(b) A New Source of Patronage. For the neoliberal city machines modeled after Mayor Richard M. Daley’s Machine Lite, traditional patronage was undesirable and in some cases impossible due to legal strictures. Putting that patronage at a step remove was all the rage: you didn’t have to force the Parks Department to hire your precinct captains, you just privatized Park cleaning service, gave the contract to your buddy, and he handled the rest. Charterification is precisely this. This phenomenon is invisible to Beltway and think tank Panglosses with little understanding or experience with actual big city politics besides what they’ve seen on The Wire. Teachers unions prevent this type of patronage both by enforcing standards and also by protecting teachers through contractual due process. You can’t fire a teacher because she’s campaigning openly against the Mayor’s policies. The head of one of the most influential Charter chains in Chicago, Juan Rangel, was a co-chair of Mayor Emanuel’s campaign. How likely do you think his at-will employees are to become active in their community in any way disproved of by their boss? Voila. Patronage.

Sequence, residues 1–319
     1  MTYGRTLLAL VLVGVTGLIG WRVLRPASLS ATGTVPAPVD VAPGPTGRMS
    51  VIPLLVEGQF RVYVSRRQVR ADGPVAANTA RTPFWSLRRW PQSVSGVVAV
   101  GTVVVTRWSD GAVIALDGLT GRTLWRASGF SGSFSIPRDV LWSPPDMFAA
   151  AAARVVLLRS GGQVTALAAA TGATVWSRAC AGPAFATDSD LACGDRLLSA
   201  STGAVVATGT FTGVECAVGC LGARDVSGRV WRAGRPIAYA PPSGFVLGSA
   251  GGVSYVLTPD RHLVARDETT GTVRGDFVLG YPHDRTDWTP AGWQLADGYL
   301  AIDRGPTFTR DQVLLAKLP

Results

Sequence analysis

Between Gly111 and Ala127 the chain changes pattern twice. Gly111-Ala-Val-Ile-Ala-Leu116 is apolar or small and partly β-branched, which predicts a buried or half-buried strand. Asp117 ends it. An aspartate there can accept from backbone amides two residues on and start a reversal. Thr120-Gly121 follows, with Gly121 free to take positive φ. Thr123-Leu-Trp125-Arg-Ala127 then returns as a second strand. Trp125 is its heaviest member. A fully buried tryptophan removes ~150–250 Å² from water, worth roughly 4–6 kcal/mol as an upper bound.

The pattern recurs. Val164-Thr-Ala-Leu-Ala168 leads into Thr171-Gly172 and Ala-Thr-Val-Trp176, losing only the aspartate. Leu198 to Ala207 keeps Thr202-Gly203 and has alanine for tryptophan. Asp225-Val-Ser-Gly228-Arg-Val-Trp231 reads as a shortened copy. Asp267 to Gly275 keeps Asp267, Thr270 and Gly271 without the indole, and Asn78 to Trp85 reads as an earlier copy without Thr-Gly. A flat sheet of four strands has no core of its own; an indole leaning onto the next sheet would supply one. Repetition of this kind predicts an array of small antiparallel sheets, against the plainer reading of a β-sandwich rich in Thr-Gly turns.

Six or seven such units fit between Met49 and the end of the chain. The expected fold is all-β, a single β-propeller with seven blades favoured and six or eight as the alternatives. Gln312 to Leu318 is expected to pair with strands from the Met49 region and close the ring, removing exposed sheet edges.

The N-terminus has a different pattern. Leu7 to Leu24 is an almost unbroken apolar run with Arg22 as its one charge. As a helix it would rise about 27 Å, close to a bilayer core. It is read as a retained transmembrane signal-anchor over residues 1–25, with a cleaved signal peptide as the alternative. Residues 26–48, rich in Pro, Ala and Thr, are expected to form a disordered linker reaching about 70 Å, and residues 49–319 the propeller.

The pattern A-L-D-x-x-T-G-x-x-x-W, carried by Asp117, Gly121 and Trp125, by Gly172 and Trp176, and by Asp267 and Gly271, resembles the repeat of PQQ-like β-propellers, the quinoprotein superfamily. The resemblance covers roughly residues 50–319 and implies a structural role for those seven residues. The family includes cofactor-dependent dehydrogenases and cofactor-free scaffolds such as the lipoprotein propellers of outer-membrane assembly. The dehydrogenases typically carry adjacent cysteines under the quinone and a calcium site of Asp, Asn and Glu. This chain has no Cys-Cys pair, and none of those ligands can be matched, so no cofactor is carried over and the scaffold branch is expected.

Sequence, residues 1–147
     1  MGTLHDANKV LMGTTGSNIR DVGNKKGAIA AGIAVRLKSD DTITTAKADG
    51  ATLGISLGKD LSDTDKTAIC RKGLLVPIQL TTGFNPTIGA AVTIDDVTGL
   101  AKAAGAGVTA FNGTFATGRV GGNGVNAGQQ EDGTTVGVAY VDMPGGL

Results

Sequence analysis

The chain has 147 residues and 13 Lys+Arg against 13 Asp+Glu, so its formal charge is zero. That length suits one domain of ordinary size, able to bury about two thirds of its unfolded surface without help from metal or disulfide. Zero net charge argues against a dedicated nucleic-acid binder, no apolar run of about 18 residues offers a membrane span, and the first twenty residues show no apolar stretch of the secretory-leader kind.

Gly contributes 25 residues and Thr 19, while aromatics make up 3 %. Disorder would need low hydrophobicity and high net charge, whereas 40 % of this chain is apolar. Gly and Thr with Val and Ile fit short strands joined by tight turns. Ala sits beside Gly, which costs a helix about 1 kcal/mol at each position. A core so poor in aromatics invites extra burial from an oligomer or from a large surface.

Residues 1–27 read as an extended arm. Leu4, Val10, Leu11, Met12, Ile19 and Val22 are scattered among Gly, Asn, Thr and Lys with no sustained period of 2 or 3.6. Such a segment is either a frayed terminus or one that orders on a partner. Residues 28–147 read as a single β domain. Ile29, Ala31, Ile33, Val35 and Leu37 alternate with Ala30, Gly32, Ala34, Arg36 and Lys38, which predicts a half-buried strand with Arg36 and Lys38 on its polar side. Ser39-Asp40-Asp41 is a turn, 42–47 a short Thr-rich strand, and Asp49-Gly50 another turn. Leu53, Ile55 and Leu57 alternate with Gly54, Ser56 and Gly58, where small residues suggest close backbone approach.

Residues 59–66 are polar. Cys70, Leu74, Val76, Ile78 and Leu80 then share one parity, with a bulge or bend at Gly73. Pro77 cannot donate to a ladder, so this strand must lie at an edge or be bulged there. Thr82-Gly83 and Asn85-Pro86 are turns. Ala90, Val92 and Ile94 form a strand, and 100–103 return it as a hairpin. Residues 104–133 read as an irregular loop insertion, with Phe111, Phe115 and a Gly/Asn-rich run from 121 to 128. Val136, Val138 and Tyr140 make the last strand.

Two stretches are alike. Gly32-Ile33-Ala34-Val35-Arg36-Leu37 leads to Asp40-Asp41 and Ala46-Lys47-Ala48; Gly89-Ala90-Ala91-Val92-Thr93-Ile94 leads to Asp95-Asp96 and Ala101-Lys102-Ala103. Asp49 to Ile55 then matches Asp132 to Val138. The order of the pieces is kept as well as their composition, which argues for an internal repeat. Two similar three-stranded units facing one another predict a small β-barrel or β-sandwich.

I'd add that philanthropy is becoming so big that it is practically a kind of privatized patronage.